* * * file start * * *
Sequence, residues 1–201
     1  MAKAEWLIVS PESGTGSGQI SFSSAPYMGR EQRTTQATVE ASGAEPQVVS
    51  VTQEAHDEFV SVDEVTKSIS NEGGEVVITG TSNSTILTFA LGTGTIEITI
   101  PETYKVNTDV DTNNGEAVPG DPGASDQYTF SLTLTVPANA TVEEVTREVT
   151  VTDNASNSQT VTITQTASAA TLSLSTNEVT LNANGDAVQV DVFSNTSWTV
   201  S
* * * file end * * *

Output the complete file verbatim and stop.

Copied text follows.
Sequence, residues 1–201
     1  MAKAEWLIVS PESGTGSGQI SFSSAPYMGR EQRTTQATVE ASGAEPQVVS
    51  VTQEAHDEFV SVDEVTKSIS NEGGEVVITG TSNSTILTFA LGTGTIEITI
   101  PETYKVNTDV DTNNGEAVPG DPGASDQYTF SLTLTVPANA TVEEVTREVT
   151  VTDNASNSQT VTITQTASAA TLSLSTNEVT LNANGDAVQV DVFSNTSWTV
   201  S